School teacher moonlights as cage fighterBy Carley Dangona
WEST SPRINGFIELD By day, Kym Sturdivant is a mathematics teacher at Van Sickle Middle School in Springfield; by night, he morphs into a cage fighter at Gabriel Gladiator Training Center in West Springfield.
Originally, Sturdivant was a mixed martial arts (MMA) fighter. He began studying Brazilian Jiu Jitsu (BJJ) in 2007. Currently, he's a purple belt in BJJ and "would love to be a world champion one day."
Sturdivant said that students do ask him about fighting. They'll Google him and come in with questions about his fights and his training. While he doesn't discuss it much with other teachers, his assistant principal is a fan of the sport.
Sturdivant, a Springfield native, said, "I could be described as a kid on the fence. I had good grades but after school I would hang out with a bad crowd." Sturdivant explained that in high school, a coach encouraged him to play sports such as wrestling and football, in an effort to keep him from having the time to get into trouble.
His academic background is in finance and economics and examining developing countries and their social issues. Sturdivant described his interests as "looking at how to fix some of the things I saw growing up."
When the local economy didn't provide opportunities in his field, Sturdivant turned to teaching. Long-term, he would like to enter the field of school administration.
"I look at math differently than other math teachers. They look at the numbers and I look at ways to manipulate the numbers. I look more the statistics [aspect of math]," he said.
Sturdivant met Gabriel "Gladiator" Santos, MMA fighter, instructor and owner of the training center at one of his early fights.
"He's very honest, very fair," Sturdivant explained the appeal of Santos and his gym. "I appreciate the knowledge that he gives me. I have respect for that knowledge and the respect that he has for his students. We're very, very similar. That's the thing that attracted me to Gladiator. Being around him changed me as a person. As a competitor, it's like night and day with him. The switch flips and he becomes a person you don't want to be on the other side of the cage from. When he competes it's always world class."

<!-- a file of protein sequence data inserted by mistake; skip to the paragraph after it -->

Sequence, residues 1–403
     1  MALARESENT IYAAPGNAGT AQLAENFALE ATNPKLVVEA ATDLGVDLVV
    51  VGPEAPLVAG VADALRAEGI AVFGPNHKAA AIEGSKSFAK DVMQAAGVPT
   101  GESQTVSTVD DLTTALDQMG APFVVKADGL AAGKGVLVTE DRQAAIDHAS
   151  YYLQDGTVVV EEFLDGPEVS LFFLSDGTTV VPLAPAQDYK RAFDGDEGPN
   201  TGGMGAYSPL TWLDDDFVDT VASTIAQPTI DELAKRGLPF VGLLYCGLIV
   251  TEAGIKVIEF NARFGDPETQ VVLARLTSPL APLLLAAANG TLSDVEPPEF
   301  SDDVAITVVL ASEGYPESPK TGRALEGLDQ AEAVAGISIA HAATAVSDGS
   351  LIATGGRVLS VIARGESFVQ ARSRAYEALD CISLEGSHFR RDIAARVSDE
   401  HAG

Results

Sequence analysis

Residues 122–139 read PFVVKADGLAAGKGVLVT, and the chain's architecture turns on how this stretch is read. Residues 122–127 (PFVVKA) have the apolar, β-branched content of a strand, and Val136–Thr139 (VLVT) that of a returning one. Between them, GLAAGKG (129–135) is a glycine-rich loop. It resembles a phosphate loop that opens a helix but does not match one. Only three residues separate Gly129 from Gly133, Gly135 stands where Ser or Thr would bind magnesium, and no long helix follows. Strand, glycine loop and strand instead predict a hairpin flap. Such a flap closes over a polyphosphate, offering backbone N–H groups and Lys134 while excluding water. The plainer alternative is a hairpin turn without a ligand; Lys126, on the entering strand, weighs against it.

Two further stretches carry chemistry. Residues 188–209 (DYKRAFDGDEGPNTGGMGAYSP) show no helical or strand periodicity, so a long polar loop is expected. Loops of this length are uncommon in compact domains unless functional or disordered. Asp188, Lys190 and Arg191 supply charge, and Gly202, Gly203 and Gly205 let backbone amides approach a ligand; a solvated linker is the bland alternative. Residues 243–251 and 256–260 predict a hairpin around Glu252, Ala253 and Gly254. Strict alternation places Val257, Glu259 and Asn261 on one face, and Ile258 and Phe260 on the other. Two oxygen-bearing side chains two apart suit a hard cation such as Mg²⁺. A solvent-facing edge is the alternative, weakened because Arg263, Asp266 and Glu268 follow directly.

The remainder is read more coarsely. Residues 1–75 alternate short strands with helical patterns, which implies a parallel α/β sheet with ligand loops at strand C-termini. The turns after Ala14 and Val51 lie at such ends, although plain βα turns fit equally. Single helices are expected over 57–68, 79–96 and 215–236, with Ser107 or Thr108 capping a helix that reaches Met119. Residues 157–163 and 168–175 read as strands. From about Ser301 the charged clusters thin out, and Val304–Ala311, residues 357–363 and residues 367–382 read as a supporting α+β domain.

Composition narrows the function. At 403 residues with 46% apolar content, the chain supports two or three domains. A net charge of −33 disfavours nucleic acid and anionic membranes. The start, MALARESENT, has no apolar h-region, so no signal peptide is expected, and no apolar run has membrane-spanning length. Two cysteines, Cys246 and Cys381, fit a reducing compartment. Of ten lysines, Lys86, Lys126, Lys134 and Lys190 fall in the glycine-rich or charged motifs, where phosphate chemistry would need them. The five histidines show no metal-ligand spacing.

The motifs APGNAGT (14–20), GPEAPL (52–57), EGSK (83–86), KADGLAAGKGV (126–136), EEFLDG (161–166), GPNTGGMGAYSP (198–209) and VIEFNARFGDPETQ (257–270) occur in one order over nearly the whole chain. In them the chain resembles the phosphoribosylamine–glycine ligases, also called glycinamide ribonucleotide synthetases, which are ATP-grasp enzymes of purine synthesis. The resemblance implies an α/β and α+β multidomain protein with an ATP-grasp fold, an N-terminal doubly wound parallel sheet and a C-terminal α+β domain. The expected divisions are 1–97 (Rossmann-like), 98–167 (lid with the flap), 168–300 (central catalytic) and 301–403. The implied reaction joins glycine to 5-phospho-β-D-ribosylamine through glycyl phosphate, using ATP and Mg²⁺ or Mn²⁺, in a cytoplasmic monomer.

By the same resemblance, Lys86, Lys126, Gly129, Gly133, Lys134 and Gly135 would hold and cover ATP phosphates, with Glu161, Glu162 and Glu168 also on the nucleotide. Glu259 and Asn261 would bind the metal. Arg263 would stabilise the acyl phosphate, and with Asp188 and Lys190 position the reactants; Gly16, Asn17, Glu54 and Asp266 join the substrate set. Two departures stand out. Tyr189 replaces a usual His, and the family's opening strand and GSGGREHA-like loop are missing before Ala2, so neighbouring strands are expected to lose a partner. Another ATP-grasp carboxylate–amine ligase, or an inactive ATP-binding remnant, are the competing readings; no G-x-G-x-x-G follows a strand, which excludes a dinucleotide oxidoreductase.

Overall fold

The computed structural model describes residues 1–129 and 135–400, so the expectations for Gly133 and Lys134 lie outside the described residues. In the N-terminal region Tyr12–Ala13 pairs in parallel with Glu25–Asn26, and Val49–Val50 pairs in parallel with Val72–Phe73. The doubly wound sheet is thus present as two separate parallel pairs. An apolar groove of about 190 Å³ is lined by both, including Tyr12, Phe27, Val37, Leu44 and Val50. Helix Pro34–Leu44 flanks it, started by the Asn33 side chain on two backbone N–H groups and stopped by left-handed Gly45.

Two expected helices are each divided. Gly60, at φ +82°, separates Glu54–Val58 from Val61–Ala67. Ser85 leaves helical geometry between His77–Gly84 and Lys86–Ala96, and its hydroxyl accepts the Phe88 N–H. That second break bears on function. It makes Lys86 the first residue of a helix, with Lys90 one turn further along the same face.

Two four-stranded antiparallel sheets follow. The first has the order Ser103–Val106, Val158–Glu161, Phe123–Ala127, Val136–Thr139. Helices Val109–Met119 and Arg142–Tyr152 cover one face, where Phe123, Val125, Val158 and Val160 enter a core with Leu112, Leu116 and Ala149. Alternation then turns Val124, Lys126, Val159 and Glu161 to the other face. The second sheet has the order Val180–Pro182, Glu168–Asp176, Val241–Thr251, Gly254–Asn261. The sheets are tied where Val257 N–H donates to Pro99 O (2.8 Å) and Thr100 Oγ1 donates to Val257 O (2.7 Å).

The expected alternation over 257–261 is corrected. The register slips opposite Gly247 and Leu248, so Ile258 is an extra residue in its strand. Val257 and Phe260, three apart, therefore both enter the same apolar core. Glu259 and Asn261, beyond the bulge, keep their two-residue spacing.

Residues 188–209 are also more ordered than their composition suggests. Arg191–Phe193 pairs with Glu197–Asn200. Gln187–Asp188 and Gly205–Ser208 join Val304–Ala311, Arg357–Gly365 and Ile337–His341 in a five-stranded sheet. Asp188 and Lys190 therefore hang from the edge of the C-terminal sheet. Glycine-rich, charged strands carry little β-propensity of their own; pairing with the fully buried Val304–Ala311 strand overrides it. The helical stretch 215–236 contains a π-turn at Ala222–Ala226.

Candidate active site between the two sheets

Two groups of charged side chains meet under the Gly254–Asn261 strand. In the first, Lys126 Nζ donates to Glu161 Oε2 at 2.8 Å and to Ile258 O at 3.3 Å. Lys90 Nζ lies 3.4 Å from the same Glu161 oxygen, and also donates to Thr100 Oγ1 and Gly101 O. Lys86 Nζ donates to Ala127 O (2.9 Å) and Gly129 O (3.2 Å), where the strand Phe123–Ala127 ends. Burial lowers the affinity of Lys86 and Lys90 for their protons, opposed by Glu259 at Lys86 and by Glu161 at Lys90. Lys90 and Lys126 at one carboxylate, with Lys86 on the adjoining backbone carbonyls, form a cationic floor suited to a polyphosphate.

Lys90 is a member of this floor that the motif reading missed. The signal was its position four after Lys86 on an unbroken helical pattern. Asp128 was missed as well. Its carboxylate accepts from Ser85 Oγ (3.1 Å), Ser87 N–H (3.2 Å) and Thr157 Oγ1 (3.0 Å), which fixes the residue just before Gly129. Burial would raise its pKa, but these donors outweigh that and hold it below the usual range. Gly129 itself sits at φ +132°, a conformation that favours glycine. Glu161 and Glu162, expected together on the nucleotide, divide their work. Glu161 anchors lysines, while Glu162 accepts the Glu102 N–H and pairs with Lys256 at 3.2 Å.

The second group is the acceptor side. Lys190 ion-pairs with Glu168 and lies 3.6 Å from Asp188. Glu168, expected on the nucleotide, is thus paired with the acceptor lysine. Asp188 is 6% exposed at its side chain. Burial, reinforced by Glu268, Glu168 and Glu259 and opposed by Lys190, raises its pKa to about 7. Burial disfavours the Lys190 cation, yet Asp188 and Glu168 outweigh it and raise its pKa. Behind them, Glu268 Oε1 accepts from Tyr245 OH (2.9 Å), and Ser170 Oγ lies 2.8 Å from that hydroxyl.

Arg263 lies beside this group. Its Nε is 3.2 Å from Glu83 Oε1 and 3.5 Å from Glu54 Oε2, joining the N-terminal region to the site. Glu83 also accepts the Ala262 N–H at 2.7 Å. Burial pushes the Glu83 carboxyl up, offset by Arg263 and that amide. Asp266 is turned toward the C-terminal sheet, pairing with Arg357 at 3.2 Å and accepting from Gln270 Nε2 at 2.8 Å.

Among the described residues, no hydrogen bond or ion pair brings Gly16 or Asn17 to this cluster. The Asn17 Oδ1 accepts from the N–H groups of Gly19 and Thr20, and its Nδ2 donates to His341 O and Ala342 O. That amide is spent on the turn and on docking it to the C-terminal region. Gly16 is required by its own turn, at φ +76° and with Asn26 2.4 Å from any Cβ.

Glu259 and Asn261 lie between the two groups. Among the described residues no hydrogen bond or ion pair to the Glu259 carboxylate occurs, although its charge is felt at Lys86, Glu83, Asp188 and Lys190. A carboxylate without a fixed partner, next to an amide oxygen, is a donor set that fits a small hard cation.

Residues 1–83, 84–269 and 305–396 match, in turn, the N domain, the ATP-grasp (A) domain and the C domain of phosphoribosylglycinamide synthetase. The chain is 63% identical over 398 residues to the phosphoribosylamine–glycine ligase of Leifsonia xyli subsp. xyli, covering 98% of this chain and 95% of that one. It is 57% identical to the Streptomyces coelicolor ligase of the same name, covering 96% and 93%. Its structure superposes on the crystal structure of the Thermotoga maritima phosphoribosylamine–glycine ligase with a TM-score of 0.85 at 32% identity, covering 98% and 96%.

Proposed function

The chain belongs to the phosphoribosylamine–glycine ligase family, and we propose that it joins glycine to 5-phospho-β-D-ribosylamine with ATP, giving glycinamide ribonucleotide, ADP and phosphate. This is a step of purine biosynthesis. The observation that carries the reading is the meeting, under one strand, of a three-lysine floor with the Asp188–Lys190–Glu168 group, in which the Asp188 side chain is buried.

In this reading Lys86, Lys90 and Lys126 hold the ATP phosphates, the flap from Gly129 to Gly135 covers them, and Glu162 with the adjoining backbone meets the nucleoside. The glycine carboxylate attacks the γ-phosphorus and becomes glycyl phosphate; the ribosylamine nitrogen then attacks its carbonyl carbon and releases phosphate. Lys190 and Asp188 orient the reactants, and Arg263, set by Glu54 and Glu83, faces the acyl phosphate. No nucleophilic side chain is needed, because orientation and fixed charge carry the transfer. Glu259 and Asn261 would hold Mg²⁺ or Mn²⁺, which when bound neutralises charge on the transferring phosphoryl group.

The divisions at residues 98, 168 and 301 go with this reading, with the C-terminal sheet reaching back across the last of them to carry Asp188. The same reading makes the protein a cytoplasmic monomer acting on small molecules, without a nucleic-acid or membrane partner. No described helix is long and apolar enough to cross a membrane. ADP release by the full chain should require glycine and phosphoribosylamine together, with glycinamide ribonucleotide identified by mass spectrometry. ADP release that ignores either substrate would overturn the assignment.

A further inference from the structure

Santos said, "He's the gentlest person that I've ever met. He's a very humble person. Kym knows he has more technique than [some of] the other students, but he allows them to work. He's a guaranteed madman during competition an awesome competitor. He likes to compete and is dedicated to his training. If you love it, you learn."
In addition to working full time as a teacher and training, Sturdivant is raising four children with his wife Natasha: Dametrius, 13; Kym "KJ" Jr., 5; Kameron, 5; and Kayden, 1. All the kids, except Kayden, train at Gladiator's.
"My wife realizes what my goals and dreams are, and more importantly how training makes me a better husband and a better father," Sturdivant said.
He added that in 2009, the couple lost their 10-day-old daughter to Sudden Infant Death Syndrome. As a result, Sturdivant deals with Post-Traumatic Stress Disorder (PTSD).
"Training helps control that," he said. "No matter what's going on I'm relaxed."
He continued, "If I'm not here for a week, I'm on edge. You go into shock. It's kind of like therapy but more effective." He noted there's research that shows a correlation between PTSD and BJJ, and that the military uses it to help returning soldiers readjust.
Sturdivant "doesn't worry about promotions," but greatly values competing in tournaments.
"I can improve at a faster rate by competing because I see my mistakes in actual battle situations," he said.
His training regiment focuses on improving his BJJ technique and physical conditioning. He is 245 pounds and competes every other month on average.
"I have a great group of training partners here to help me get ready," he said. "Just before stepping into the cage, I don't feel anything, I'm just relaxed. It's like water; it just flows. I don't strategize. I know what works for me and I'm comfortable with what we do here, I'm comfortable with my instruction. I'm prepared for whatever position I'm put in when I get on the mat."
Sturdivant said, "I'm a teacher at heart. I like coming in and sparring with the white belts, helping them with their mistakes, showing them techniques that work for me. For me, coaching them equates to paying it forward."
Santos stated, "That's what makes us different [from other gyms], we're like a family. Everybody helps each other to improve. I try to teach the students what I learned as a student of Carlson Gracie BJJ. We train really hard here. You're exhausted by the end of a session. We prepare for every situation the worst positions you could possibly be put into, so we can be better prepared for fights."
He continued, "BJJ teaches students to respect everyone. It's a lifestyle that helps develop character."
New students wanting to learn BJJ are welcome at Gladiator's.
For more information, visit www.gabrielgladiator.com or call 273-1145.